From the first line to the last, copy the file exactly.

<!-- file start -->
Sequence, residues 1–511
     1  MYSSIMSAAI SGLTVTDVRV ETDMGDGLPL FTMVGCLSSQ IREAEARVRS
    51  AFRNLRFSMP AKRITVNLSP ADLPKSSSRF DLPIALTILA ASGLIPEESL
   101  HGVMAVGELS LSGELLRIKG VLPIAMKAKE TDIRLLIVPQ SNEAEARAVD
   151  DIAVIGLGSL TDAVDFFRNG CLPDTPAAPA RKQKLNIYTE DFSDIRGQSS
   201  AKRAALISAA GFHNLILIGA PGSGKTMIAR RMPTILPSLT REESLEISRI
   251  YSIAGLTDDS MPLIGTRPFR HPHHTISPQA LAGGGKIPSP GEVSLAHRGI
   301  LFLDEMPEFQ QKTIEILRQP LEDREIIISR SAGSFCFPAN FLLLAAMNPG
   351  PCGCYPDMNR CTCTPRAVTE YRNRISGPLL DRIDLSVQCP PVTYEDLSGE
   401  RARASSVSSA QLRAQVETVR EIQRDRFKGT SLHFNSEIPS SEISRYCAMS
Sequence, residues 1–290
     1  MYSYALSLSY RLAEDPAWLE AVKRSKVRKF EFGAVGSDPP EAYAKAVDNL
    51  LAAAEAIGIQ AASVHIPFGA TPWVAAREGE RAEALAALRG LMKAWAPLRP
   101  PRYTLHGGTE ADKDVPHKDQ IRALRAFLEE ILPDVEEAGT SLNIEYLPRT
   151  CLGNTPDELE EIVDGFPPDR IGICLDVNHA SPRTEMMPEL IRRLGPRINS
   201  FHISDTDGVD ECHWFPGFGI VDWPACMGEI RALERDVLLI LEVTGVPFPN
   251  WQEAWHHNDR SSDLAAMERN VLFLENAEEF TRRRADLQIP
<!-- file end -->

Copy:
Sequence, residues 1–511
     1  MYSSIMSAAI SGLTVTDVRV ETDMGDGLPL FTMVGCLSSQ IREAEARVRS
    51  AFRNLRFSMP AKRITVNLSP ADLPKSSSRF DLPIALTILA ASGLIPEESL
   101  HGVMAVGELS LSGELLRIKG VLPIAMKAKE TDIRLLIVPQ SNEAEARAVD
   151  DIAVIGLGSL TDAVDFFRNG CLPDTPAAPA RKQKLNIYTE DFSDIRGQSS
   201  AKRAALISAA GFHNLILIGA PGSGKTMIAR RMPTILPSLT REESLEISRI
   251  YSIAGLTDDS MPLIGTRPFR HPHHTISPQA LAGGGKIPSP GEVSLAHRGI
   301  LFLDEMPEFQ QKTIEILRQP LEDREIIISR SAGSFCFPAN FLLLAAMNPG
   351  PCGCYPDMNR CTCTPRAVTE YRNRISGPLL DRIDLSVQCP PVTYEDLSGE
   401  RARASSVSSA QLRAQVETVR EIQRDRFKGT SLHFNSEIPS SEISRYCAMS
Sequence, residues 1–290
     1  MYSYALSLSY RLAEDPAWLE AVKRSKVRKF EFGAVGSDPP EAYAKAVDNL
    51  LAAAEAIGIQ AASVHIPFGA TPWVAAREGE RAEALAALRG LMKAWAPLRP
   101  PRYTLHGGTE ADKDVPHKDQ IRALRAFLEE ILPDVEEAGT SLNIEYLPRT
   151  CLGNTPDELE EIVDGFPPDR IGICLDVNHA SPRTEMMPEL IRRLGPRINS
   201  FHISDTDGVD ECHWFPGFGI VDWPACMGEI RALERDVLLI LEVTGVPFPN
   251  WQEAWHHNDR SSDLAAMERN VLFLENAEEF TRRRADLQIP